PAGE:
As ports seek to maintain support for their operations amidst growing environmental awareness and social pressure, it is important they provide benefits for the local population to offset negative impacts. Ports can add additional economic benefits for the cities they are located in by encouraging maritime clusters, industrial development, a circular economy, and waterfront development. The current level of adoption, interest in future adoption, barriers to implementation, and attitudes towards the views of the local population were assessed via an online questionnaire sent to port authorities in 26 countries. The potential and willingness of ports to be on the frontline of the transition to a circular economy globally has been clearly identified for the first time, seeing a 60% increase between current levels of adoption and future interest in adoption. Barriers to a circular economy are comparable to barriers to widely adopted methods, such as industrial development and a waterfront economy. It is likely that circular economy activities in port cities will add additional local benefits and reduce the negative impacts of a port. A new framework is proposed to help ports and cities collaborate and encourage greater adoption of the circular economy.

    Jun 17

    Artistic impression of a port-city of the future

     

    CDT SIS PhD researcher and amateur artist Toby Roberts won the People’s Choice award at the Doctoral College Festival of Research Awards on 10th June 2021. The Research Awards and Director’s Awards are part of the Festival of Doctoral Research which recognises and celebrates exceptional achievements and contributions of the University’s postgraduate researchers.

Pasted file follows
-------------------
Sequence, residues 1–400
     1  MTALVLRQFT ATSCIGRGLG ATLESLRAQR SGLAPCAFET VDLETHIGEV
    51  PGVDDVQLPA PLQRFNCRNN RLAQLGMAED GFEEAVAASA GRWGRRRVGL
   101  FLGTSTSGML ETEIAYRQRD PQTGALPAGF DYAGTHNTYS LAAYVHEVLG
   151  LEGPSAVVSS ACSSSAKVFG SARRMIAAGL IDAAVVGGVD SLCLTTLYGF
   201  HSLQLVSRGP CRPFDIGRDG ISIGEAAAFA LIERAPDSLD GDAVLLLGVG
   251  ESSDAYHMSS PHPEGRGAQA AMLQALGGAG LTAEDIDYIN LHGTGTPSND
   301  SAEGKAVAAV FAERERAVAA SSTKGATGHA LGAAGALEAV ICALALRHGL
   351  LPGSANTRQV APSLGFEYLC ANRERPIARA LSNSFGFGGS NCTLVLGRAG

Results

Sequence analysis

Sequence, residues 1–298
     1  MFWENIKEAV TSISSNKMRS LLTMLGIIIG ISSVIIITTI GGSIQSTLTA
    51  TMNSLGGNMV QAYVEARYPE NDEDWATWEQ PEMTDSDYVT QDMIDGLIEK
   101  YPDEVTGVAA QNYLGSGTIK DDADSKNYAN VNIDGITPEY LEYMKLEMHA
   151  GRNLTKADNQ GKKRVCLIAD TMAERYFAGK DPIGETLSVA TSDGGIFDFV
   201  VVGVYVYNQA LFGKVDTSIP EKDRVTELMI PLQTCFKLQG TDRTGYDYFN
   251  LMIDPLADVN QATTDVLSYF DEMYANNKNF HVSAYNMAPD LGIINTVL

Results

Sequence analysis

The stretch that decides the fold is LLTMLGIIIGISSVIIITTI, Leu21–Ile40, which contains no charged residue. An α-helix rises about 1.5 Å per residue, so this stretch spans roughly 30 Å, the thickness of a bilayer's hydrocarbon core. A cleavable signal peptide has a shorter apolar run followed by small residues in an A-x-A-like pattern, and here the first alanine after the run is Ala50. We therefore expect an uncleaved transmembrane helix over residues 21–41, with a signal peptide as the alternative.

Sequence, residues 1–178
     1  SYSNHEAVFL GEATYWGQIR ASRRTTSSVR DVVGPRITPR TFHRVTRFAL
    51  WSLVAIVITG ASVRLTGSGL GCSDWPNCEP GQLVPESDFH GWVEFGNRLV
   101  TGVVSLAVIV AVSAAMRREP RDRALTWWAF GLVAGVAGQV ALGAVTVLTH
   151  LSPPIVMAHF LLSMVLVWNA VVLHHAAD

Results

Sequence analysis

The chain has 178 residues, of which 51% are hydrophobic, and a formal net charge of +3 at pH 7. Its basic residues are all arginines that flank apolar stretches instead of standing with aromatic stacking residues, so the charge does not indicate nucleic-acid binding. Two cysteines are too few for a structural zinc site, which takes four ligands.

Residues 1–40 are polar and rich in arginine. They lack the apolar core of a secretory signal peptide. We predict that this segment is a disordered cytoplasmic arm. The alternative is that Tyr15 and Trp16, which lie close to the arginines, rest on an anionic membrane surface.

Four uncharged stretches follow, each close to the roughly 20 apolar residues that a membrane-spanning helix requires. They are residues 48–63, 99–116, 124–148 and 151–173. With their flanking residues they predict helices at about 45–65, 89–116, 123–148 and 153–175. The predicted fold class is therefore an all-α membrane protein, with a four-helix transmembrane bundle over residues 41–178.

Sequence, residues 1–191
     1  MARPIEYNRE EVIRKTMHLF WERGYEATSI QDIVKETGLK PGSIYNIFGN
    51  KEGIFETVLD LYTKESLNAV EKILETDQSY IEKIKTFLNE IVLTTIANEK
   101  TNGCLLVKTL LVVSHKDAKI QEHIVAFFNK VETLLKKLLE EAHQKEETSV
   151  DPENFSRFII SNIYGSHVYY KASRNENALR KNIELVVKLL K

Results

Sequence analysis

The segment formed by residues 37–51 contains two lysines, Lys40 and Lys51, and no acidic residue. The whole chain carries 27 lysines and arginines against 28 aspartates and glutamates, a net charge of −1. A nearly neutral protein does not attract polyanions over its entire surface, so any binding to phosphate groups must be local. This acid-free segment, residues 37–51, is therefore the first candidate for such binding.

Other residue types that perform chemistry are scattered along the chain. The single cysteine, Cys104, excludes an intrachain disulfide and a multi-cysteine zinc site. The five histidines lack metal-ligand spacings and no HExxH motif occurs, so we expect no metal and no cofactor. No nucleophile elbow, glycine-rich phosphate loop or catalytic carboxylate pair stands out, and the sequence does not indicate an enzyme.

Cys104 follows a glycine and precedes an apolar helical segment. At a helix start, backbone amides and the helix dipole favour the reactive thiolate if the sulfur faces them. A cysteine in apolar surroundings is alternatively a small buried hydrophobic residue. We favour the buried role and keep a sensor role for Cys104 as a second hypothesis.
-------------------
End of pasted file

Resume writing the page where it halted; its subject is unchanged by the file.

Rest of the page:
Creative Representations of Research Competition challenged postgraduate researchers to have fun exploring all the different ways in which they can represent and share the essence of their research.

    Port-Cites of the Future

    This painting depicts a port-city of the future, with some potential solutions to reducing the negative impacts of ports whilst increasing the local benefits. Some examples of this in the painting are renewable energy, green architecture, shore-to-ship power and circular economy (in this case a greenhouse to capture waste CO2 and heat for agriculture).

    Toby started painting at the start of his PhD study as a way to relax and he enjoys painting landscapes and seascapes.

    Toby’s research work includes creating a new system of classification for port-cities that includes cargo and passenger ships. “Port-cities have a key role in international trade and provide essential services to the local, regional and national economies. Port-cities can boost manufacturing and growth of port-related industries, contributing jobs to the local area. They can also be popular start- and end-points and destinations for tourist activities, such as cruises. The presence of the port may bring additional opportunities in areas such as employment, renewable energy, circular economy, culture and identity.

    Establishing sustainable cities and communities is one of the 17 United Nations Sustainable Development Goals (SDGs) (SDG number 11). Port-cities are vitally important to efforts to encourage sustainability. It is therefore important to gain a greater understanding and critical evaluation of port-cities, what their requirements and challenges are, how they differ and how they can be better utilised to produce more benefits and fewer negative impacts. As a strong focus is placed on understanding the environmental impacts of ports and sustainability, a system to effectively group port-cities by their size and potential impacts is needed.

    ‘The Southampton System’, combines passenger numbers and cargo tonnage on one axis with urban population on another in a 4 × 4 matrix, creating 16 groupings of port-cities. The Southampton System provides an effective and broader method for port-city classification, enabling more effective future study into, and policy recommendations for, port-cities.”

    Research Article

    The Southampton System: a new universal standard approach for port-city classification

    Toby Roberts Ian Williams  & John Preston 

    Published online for Taylor and Francis: 10 Aug 2020